How did the decision to fire James Comey get made — and why? The special counsel investigation has made that question a focus, according to a report overnight from ABC News. Robert Mueller’s investigators have submitted “a wide-ranging request” for all communications at the Department of Justice over Comey’s termination, including correspondence with the White House:
Mueller’s investigators are keen to obtain emails related to the firing of FBI Director James Comey and the earlier decision of Attorney General Jeff Sessions to recuse himself from the entire matter, according to a source who has not seen the specific request but was told about it.
Issued within the past month, the directive marks the special counsel’s first records request to the Justice Department, and it means Mueller is now demanding documents from the department overseeing his investigation.
Attorney General Jeff Sessions and Deputy Attorney General Rod Rosenstein played key roles in Comey’s removal. And Sessions has since faced withering criticism from Trump over his recusal and Rosenstein’s subsequent appointment of Mueller.
Mueller’s investigators now seek not only communications between Justice Department officials themselves, but also any communications with White House counterparts, the source said. Before this request, investigators asked former senior Justice Department officials for information from their time at the department, ABC News was told.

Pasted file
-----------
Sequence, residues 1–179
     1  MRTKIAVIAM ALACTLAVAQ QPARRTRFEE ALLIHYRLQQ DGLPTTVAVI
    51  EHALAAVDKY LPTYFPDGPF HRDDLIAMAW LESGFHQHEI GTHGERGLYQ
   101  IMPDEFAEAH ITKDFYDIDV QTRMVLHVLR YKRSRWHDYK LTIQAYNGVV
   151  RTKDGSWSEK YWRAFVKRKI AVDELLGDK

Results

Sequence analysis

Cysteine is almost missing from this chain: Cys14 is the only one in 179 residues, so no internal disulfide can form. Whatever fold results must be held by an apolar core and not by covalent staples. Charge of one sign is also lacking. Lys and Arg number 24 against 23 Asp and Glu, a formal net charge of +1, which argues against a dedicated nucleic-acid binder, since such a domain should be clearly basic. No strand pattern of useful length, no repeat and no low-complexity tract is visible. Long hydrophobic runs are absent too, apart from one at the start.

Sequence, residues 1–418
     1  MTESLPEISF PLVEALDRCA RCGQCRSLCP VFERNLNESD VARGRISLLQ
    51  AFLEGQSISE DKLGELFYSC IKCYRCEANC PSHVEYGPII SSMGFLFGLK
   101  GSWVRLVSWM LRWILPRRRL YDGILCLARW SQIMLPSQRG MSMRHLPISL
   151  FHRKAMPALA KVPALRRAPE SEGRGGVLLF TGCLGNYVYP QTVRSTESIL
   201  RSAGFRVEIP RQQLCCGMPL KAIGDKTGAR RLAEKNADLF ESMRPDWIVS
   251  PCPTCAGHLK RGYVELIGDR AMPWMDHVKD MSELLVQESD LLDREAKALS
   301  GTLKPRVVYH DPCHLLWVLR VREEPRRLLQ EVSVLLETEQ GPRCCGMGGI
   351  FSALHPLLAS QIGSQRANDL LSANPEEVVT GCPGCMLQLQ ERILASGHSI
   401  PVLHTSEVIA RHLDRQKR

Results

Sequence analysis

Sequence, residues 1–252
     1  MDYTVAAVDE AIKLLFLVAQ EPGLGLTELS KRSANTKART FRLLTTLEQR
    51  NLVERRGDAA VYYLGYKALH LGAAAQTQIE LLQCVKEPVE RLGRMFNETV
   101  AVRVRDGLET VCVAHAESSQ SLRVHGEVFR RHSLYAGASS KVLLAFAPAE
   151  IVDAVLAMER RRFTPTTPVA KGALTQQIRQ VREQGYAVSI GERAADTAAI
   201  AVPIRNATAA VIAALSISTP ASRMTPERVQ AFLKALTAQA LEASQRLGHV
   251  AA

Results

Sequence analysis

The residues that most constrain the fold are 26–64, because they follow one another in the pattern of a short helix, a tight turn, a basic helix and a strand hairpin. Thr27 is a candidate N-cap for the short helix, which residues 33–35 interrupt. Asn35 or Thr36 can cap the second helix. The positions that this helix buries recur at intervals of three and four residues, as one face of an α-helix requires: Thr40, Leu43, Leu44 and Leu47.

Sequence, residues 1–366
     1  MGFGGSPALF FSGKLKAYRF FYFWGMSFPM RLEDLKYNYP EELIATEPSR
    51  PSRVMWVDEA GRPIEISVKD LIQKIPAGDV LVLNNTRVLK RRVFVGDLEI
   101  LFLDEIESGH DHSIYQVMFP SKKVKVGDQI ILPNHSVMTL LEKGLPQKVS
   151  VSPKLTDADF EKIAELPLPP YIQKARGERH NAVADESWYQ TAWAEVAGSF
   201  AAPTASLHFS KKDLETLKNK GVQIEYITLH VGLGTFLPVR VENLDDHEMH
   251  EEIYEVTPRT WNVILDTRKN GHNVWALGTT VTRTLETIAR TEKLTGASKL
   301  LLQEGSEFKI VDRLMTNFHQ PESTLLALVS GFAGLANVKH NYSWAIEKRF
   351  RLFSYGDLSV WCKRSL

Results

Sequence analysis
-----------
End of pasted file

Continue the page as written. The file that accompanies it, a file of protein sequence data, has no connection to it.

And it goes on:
The nature of the request makes it look as though the probe will take a hard look at obstruction of justice as a potential charge in the Comey firing. That might be difficult to sustain, however, for two reasons. One, the probe into Russian interference didn’t end with Comey’s firing; instead, the DoJ’s Rod Rosenstein appointed Mueller to conduct it independently. Two, the position of FBI director serves at the pleasure of the president, with a ten-year term a limitation of the director’s authority, not the president’s.
However, “difficult” does not mean impossible, either. This could be just a fishing expedition, and special counsels have wide latitude for such activities, too. It might also be an exercise of due diligence, checking on a thread that critics have raised in order to provide a definitive resolution to it.
There’s still a chance that it might show that the special counsel team wants to pursue an obstruction-of-justice charge, and that would almost by definition be aimed squarely at Donald Trump. He’s the man who ordered the firing, and his shifting explanations for the decision certainly have raised questions over whether he meant to end the probe or seek to influence its outcome. They wouldn’t be seeking this information just to nail Sessions or Rod Rosenstein, the two who sent the formal termination request to Trump. The special counsel demand does include any correspondence about Sessions’ recusal from the Russia-influence investigation, but Rosenstein appointed the special counsel with Sessions’ blessing, which again makes an obstruction charge almost impossible.